Six reasons why you MUST stay at a brewery

Steve Jack, 07 June, 2016
As a fan of real ale and good pubs, there are two hostelry-related ambitions that I have quietly harboured. First, to get ‘stranded’ overnight in a quality boozer; and secondly, to stay in a brewery.

For while a visit to a decent pub is all well and good – and a lengthy ‘session’ with good company and good cheer is one of life’s wayward pleasures – there is something even better about not having to leave. Perhaps it recalls the illicit thrill of the ‘lock-in’ – a precious and rare occurrence during my youth, when curtains were drawn for the benefit of a chosen few to combat the strictures of the licensing laws. Or maybe it’s just the beer-lover’s equivalent of being a kid in a candy store: with all that you crave as your very surroundings, and without the threat of the closing-time bell or chucking-out time’s habitual fizzle.

But when the first of these wishes was unexpectedly fulfilled during last November’s Lake District floods, it came as something of an anti-climax. You see, I had long imagined snow drifting up to the rafters of some exposed tavern, as the landlord administered consoling flagons of ale to hardy drinkers by an open fire. But the reality was rather grimmer: a torrent of water gushing through Wasdale, a broken road, and an unlooked-for day off work with only the local mountain rescue team for company. But when it came to staying in a brewery, it was – if anything – even better than I had imagined. In fact, based on this short stay at the Griesbräu in Murnau, a splendid brewery-cum-hotel in southernmost Bavaria, it’s something I would recommend to all who get the opportunity. Here’s why...
1. Beer on tap
Pretty obvious, perhaps, but as every beer-lover knows, there’s something special about drinking the stuff when it has only travelled along a few pipes, rather than having been shipped across the region, country or continent. At the Griesbräu, the great copper brew-kettles are there for all to see in the magnificent Brauhaus (beer hall); and the products – from the lager-style Helles to traditional Weissbier (wheat beer) and the reddish-coloured, full-bodied Drachenblut (‘Dragon’s blood’) – are guaranteed to reach you in tip-top condition.
2. Meet the brewer
Every brewer likes to think that his beer speaks for itself, but they are beer-lovers themselves, too, so are usually not averse to chatting over a sample or two and giving their personal recommendations. This was certainly true of the effusive Michael Gilg, owner of the Griesbräu, who was more than happy to pour me a sample of his limited edition Braunbier “Bruno” (straight from the barrel) and to enthuse about his business. Here is a man who clearly loves his work!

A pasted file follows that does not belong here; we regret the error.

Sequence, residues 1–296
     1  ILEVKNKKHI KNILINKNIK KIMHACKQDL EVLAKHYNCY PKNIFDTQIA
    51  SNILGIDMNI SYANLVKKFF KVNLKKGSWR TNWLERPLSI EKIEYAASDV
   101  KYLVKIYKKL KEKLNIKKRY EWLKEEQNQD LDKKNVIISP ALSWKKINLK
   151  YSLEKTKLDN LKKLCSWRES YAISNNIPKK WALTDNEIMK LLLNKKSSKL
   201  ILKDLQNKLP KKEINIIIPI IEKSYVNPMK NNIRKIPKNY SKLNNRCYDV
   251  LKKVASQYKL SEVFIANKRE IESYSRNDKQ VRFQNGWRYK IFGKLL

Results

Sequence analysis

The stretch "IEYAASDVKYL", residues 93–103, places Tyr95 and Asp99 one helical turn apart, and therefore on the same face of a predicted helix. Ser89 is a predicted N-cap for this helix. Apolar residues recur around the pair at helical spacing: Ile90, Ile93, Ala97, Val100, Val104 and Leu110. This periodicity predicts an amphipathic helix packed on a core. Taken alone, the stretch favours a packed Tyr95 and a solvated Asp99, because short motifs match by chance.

3. Eat beer-friendly food
There’s nothing wrong with calling for the wine list in a decent dining pub, of course, but when you come to a brewery such as this one, everything is unashamedly geared towards the beer. Guests are still given a choice between the two (there is, after all, a perfectly good restaurant with a perfectly good wine list); but even this is called Die Bierstube, so it somehow feels wrong to order a pasta dish with a glass of red. My recommendation: grab yourself a table in the Brauhaus itself, head up to the counter for a generous (and great-value) hunk of pork and dumplings, and embrace the whole Bavarian experience.
4. Take a tour & find out more
Most breweries these days are happy to let you in behind the scenes. Not only are the staff proud of what they do, but they also realise that providing the customer with a little more knowledge can significantly enhance the satisfaction derived from their product. Few, though, can be as charismatic as Wolfgang Jaubitz, the Griesbräu’s Master Brewer – and from the moment he showed up with his feathered cap and traditional breeches to lead our pre-arranged tour, we knew we were in for a treat. He conveyed a great deal of information in a hugely entertaining way, and although I’d struggle to recall everything he told us, I do remember plenty of eager questions, a lot of laughter, and the universal chorus of approval that met the final sampling session: he poured out a warm Bierlikör, distilled to an ABV of 22% and served with a topping of squirty cream, that one visitor claimed was “the closest thing I’ve had to cake in alcohol form”.

5. Soak up the history & atmosphere
Each brewery has its own quirks, of course, and the buildings are invariably infused with the passion of their owners. But staying overnight adds an extra dimension, and at the Griesbräu I loved feeling part of a cheerful, bustling environment. It might not be to everyone’s taste: the passing through of casual diners and drinkers means that it lacks the calm and tranquillity of many other hotels; but if you’re prepared to go with the flow and enter into the spirit of the place, then you might just find that – like me – you’ll be longing to return.
6. Avoid the walk home
If you’re staying at a brewery, then you cannot fail to appreciate the fact that everything is in one place. We were off exploring by day – cycling to the nearby lake and admiring works of art in the charming Munter Haus. But once we got back, it was all there: a comfy bedroom, a choice of places to eat, and some of the finest beer our euros could buy. And best of all? At the end of the night, there was no walk home!

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If you like the sound of this, and wish to sample the beery delights of the Griesbräu for yourself, then consider our cycling holiday through the romantic landscapes of southern Bavaria.
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